Diabetes - An Ounce Of Prevention Better Than A Pound Of Cure?

Diabetes – An ounce of prevention better than a pound of cure?

Recent estimates project that as many as one in three American adults will have diabetes in 2050. The American Diabetes Association (ADA) recently published an article in the journal Diabetes Care, which accounts for the lifetime medical cost of people with diabetes relative to those without. The article concluded that having diabetes is associated with substantially greater medical expenditures even though there is reduced life expectancy. It also urges a focus on prevention, which may lead to a reduction in long-term medical costs associated with diabetes.

Are your patients at risk?

Everyone should be aware of the risk factors for type 2 diabetes. People who are overweight, under active (living a sedentary lifestyle) and over the age of 45 should consider themselves at risk for the disease. African Americans, Hispanics/Latinos, Native Americans, Asian Americans, Pacific Islanders and people who have a family history of the disease also are at an increased risk for type 2 diabetes.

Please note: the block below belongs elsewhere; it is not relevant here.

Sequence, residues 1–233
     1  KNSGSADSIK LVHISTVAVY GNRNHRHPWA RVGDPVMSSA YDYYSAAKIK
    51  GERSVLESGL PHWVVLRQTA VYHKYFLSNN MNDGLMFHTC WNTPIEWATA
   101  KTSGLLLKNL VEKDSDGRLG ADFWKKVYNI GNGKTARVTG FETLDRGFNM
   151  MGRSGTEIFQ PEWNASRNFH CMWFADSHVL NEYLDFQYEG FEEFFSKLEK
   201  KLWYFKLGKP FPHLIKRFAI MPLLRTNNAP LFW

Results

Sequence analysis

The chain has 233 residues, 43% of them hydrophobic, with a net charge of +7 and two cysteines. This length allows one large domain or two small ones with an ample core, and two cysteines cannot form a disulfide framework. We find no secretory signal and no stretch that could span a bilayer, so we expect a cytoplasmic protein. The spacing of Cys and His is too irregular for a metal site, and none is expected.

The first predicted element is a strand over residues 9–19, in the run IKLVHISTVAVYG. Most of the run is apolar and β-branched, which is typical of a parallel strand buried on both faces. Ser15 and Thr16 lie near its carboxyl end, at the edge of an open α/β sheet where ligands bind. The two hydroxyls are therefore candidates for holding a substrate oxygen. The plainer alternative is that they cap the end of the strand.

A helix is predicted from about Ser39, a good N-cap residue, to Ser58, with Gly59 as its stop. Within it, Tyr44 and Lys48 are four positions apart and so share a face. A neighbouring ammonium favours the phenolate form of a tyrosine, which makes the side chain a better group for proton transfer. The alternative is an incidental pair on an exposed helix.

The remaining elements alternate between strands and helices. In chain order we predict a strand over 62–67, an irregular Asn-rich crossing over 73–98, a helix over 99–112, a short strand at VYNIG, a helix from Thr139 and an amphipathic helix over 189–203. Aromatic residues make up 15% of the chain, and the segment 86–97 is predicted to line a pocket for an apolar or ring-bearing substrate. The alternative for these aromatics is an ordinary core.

Independent Health’s Disease Management Program

Independent Health’s Disease Management program, which is available to your patients, focuses on helping patients manage the clinical features of diabetes – hyperglycemia, dyslipidemia and hypertension.

Key Features of the Program:

  • Educational Resources: Your patients will periodically receive mailings containing the latest health information including ways to control their disease and modify their risk factors to stay healthy.
  • Periodic Health Reminders: Mailings are sent out to remind your patients that they are due for important diabetes-specific and preventive health services.
  • Health Promotion: Outreach calls from our Care Management professionals who follow national disease management guidelines to educate members about their disease and appropriate lifestyle modifications.
  • 24 Hour Medical Helpline: Provides access to registered nurses to get answers to medical questions, 24 hours a day, seven days a week, by dialing 1-800-501-3439.

Clinical Guidelines

View the American Diabetes Association’s 2014 Clinical Practice Recommendations.